Thats said, the estimated full grown adult size of fancy goldfish can be up to a foot long but they commonly stay within the 6 to 8 inches range. Whereas common goldfish reach between 7 to 10 inches and 12 inches when kept in a spacious tank or pond.

However, your fish will get to maximum length over a lifespan ranging between 15 to 20 years. Therefore, it’s fine if you start your goldfish in a small fish tank and relocate them as they grow bigger.

Maybe even consider placing them in an appropriate pond once they get to their maximum length.

How Many Goldfish Can You Have in a Small Tank?

For a start, you should never keep goldfish in a bowl because apart from the fish growing quite big, they also put off a lot of waste, more than normal fish.

Moreso, even if you successfully fit any in a small 10-gallon tank, you will most likely be able to only keep one fancy goldfish in there.

Hence, your barest compromise is to keep one or two fancy goldfish in a 20-gallon aquarium. Or maintain one or two juvenile common goldfish in 40-gallon or more.

Moreover, you will need to keep your aquarium thoroughly filtered and perform regular water changes, sometimes more than twice in a week.

Remember to add 10 gallons of water in your fish tank for every additional fancy goldfish and 15 to 20 gallons for every common goldfish you add in the tank.

Lastly, when calculating your goldfish tank, you need to consider space for decorations, and tankmates in case you want to maintain them in a community.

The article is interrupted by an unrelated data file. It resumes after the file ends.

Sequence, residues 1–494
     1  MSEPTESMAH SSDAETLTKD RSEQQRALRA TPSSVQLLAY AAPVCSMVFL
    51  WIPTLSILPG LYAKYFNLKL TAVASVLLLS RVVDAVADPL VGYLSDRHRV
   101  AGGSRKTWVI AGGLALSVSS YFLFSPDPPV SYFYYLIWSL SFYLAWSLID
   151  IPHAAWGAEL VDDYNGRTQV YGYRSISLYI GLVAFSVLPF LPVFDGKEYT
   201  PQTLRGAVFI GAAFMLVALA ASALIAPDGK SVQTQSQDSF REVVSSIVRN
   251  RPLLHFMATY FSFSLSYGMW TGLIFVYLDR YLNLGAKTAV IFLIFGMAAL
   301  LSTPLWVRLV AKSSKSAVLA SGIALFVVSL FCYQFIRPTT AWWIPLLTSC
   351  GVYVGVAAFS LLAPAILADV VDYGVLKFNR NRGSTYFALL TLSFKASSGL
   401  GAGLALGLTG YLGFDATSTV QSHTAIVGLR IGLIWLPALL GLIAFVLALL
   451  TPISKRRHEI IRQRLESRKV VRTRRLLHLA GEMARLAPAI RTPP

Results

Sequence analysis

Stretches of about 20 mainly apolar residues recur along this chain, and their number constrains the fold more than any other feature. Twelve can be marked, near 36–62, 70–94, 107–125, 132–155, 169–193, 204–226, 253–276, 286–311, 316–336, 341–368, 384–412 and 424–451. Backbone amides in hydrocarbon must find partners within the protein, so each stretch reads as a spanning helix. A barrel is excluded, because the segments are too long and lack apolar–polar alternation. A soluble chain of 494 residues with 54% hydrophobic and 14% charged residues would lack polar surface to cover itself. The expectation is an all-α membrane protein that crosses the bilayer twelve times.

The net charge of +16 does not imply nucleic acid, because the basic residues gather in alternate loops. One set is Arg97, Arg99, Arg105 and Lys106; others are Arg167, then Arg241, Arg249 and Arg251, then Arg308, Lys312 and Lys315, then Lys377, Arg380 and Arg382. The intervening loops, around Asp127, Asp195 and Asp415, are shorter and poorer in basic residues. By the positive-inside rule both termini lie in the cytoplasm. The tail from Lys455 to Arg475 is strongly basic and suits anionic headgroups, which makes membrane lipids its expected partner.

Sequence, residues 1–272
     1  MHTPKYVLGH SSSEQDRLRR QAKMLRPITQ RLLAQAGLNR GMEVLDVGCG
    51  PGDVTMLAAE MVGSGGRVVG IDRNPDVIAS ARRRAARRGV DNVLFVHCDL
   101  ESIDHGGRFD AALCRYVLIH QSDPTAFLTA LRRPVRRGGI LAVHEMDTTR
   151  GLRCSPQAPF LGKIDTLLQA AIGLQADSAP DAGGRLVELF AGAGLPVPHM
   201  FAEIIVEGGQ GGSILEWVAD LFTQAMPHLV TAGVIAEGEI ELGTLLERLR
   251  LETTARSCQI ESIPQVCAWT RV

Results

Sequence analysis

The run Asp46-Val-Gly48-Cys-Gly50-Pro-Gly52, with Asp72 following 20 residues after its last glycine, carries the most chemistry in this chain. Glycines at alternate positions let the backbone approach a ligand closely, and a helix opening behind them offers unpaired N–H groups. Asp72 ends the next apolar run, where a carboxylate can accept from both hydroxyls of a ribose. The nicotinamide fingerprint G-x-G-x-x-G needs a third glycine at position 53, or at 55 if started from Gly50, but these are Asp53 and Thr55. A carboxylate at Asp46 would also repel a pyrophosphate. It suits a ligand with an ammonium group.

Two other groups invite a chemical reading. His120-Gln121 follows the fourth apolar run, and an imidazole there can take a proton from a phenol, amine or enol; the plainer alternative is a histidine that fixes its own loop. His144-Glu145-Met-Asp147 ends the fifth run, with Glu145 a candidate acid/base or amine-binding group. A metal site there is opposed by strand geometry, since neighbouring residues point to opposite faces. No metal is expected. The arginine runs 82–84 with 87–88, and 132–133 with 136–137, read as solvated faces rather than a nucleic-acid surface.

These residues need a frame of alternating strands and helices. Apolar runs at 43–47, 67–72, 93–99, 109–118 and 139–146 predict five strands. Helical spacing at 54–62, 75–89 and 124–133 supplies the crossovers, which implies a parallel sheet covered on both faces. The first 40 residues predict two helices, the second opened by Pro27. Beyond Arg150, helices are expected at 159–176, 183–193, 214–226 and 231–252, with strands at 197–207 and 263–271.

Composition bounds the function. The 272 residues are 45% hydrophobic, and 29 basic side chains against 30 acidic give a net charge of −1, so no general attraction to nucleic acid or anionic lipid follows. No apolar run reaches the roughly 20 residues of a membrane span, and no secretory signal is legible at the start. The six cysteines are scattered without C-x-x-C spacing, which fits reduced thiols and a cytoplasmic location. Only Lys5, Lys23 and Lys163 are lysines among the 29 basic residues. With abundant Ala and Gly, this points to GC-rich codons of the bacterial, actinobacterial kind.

Plus understand that most small tanks for goldfish are sold as starter kits and are only suitable for a few weeks or months at most. Should you maintain your fish in such a tank for a long time, you will shorten their lifespan to about four years, and the fish will be mostly stunted and malnourished.

Below a few ideal stocking hacks depending on the size of the tank you have.

  1. A 10-gallon aquarium is a fine starter size tank for 1 or 2 goldfish, but the fish won’t reach proper adult size unless you place them in a larger aquarium as they grow.
  2. In a 20-gallon fish tank, you can maintain a single fancy goldfish, but should you need to add another goldfish, remember to increase your fish tank capacity by 10 gallons.
  3. In case you want to add other fish species in a goldfish tank, the rule of thumb is 1 gallon of water per inch of fish. Howbeit, this rule assumes all fish have the same bioload and aggression which is not correct. For this reason, you may want to raise the amount to 2 gallons per inch of fish especially when keeping goldfish with other messy species.
  4. Since each goldfish generally require an average of 20-gallons of water, 2 to 3 healthy goldfish can live happily in a 40-gallon aquarium, but 50 to 60 gallons are recommended for 2-common goldfish or up to 4 small goldfish.
  5. Two full grown fancy goldfish can live in a 30-gallon fish tank, whereas just one common goldfish will fit in this size aquarium.